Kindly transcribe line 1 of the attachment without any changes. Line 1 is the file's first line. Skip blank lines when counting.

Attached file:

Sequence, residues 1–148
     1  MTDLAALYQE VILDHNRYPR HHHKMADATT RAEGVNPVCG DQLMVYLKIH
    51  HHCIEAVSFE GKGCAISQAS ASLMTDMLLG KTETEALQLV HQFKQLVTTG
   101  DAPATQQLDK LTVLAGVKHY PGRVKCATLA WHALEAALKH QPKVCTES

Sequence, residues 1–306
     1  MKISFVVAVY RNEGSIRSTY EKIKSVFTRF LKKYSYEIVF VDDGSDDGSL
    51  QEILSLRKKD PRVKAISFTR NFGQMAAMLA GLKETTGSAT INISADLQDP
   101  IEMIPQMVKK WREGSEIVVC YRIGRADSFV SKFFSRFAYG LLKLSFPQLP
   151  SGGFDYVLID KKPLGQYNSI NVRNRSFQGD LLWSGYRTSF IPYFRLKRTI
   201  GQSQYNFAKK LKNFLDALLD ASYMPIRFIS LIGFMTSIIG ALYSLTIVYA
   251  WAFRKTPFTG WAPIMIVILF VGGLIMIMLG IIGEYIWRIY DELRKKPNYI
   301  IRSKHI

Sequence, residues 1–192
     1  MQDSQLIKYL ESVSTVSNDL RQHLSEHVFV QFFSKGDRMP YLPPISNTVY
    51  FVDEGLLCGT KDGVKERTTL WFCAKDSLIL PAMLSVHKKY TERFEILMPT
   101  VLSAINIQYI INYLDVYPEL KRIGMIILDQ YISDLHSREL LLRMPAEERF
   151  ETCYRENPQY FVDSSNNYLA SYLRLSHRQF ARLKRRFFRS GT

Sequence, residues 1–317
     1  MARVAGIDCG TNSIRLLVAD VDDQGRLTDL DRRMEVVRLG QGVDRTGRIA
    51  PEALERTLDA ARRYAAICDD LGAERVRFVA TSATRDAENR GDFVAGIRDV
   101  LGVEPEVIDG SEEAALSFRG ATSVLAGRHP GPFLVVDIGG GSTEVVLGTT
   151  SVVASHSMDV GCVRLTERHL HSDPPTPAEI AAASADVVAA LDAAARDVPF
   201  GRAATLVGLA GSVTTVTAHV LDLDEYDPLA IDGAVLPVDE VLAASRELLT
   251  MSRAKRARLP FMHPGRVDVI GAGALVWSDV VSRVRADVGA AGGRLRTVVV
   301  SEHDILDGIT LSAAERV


Sequence, residues 1–148